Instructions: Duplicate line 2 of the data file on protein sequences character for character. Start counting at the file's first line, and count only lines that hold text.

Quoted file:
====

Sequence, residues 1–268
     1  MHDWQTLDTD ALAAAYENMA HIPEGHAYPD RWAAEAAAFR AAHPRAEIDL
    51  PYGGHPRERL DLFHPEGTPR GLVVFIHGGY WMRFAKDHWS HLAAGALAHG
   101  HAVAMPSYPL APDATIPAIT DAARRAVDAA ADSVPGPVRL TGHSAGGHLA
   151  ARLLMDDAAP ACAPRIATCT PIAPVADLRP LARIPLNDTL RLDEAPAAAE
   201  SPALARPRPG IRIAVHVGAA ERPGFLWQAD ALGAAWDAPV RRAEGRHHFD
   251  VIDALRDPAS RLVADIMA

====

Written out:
     1  MHDWQTLDTD ALAAAYENMA HIPEGHAYPD RWAAEAAAFR AAHPRAEIDL